Last year, North Carolina State University’s College of Agriculture and Life Sciences created its Office of Sustainability to encourage sustainable efforts within the college. The CALS Office of Sustainability’s main goal is to inform about different sustainability initiatives whether they are groundbreaking research, innovative farming practices or educational opportunities. Recent initiatives promoted by the office include course for business executives called “Sustainability in Agriculture: An Executive Course”, which offers agribusiness officials the opportunity “…to come to N.C. State and talk to experts in the field about how they can start corporate sustainability efforts within their companies.” Other CALS Sustainability initiatives include a partnership with Burt’s Bees cosmetics company to promote awareness of the important role that bees play in agricultural development, and a course focused on the benefits of soil diversity in crop production.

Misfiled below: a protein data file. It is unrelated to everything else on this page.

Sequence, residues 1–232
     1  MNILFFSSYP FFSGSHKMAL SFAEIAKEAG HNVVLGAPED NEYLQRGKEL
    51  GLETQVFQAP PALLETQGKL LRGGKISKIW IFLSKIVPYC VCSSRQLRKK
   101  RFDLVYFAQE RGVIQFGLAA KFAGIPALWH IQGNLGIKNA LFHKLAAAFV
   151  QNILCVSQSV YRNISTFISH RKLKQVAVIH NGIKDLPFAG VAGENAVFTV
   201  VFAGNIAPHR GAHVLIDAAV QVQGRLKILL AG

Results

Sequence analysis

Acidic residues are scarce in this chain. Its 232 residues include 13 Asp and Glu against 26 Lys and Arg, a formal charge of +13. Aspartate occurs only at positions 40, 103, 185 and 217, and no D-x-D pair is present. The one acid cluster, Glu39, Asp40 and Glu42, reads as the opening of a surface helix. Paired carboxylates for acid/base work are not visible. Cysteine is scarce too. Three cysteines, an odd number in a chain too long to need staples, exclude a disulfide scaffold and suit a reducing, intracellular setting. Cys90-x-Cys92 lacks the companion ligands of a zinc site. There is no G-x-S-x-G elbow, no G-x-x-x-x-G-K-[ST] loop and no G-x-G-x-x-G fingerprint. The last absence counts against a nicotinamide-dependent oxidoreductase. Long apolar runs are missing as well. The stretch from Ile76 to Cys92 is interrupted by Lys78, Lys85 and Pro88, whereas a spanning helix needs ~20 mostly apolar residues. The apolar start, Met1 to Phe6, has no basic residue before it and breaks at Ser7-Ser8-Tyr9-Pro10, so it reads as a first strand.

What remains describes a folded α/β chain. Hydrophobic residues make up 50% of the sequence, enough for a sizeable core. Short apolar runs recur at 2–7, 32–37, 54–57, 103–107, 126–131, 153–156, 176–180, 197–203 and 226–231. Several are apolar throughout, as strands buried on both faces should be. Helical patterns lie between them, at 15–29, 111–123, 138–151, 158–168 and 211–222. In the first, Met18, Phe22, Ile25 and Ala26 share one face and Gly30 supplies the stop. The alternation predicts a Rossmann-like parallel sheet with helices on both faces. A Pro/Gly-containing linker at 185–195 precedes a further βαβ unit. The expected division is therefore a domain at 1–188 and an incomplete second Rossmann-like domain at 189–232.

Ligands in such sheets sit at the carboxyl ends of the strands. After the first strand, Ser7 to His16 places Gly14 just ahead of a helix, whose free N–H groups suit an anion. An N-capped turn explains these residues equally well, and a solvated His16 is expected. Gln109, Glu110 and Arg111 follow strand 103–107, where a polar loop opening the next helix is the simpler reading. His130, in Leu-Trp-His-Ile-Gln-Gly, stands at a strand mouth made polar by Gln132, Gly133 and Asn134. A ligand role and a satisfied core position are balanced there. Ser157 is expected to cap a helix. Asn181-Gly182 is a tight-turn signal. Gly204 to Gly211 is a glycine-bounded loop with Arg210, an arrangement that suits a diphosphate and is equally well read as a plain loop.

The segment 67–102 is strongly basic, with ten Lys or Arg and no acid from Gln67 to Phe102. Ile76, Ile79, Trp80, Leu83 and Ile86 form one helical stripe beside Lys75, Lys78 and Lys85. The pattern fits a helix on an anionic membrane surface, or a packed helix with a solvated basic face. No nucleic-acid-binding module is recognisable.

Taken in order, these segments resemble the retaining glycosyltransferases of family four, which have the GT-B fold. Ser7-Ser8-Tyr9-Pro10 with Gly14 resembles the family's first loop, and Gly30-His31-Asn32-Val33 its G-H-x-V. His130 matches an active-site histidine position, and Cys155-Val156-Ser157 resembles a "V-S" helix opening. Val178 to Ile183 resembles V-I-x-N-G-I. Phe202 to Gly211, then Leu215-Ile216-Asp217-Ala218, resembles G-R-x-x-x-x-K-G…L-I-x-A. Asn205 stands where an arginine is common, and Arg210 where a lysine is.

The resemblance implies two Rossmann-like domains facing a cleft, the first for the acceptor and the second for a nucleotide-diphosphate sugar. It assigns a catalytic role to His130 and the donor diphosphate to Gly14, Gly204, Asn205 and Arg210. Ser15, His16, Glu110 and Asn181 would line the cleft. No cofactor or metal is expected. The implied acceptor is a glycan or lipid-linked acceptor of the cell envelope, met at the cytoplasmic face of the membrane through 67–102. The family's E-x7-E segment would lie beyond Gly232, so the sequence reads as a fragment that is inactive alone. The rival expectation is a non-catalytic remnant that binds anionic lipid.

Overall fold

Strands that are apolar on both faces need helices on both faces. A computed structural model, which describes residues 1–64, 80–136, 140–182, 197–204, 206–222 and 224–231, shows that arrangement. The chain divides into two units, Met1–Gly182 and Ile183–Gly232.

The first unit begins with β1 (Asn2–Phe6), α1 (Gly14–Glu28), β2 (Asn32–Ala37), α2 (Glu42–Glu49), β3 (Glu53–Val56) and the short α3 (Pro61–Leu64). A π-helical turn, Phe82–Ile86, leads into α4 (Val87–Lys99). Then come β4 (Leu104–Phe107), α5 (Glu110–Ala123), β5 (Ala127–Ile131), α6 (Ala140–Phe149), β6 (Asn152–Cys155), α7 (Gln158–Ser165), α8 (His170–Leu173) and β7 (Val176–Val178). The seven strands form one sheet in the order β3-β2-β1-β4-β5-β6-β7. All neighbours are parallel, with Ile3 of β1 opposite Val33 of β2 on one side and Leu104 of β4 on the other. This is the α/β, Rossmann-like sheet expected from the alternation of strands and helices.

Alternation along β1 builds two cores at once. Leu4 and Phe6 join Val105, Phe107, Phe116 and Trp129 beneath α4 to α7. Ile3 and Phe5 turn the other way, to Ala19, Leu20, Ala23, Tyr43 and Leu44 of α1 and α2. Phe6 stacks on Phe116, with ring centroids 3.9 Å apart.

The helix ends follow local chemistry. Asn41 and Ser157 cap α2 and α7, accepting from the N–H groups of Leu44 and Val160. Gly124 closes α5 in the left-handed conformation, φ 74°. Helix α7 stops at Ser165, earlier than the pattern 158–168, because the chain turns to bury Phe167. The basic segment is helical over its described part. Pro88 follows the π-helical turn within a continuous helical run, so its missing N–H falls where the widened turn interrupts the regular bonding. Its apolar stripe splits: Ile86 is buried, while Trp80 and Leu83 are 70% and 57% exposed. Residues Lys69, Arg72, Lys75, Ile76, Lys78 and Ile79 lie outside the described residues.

University of New Hampshire Cooperative Extension held a research field day for over 100 local landscapers, growers, arborists, and foresters to showcase studies that dealt with health issues for trees, greenhouses, and nurseries. The research discussed the future of local nursery stock production and availability, and the best management practices for 2013.
Cornell University College of Agriculture and Life Sciences class on microbrewing addresses New York’s growing interest in microbreweries, which could potentially spur industry growth and encourage tourism. Cornell faculty and Extension specialists inform the students about how to produce a quality crop economically, and stress the importance of keeping ingredients local.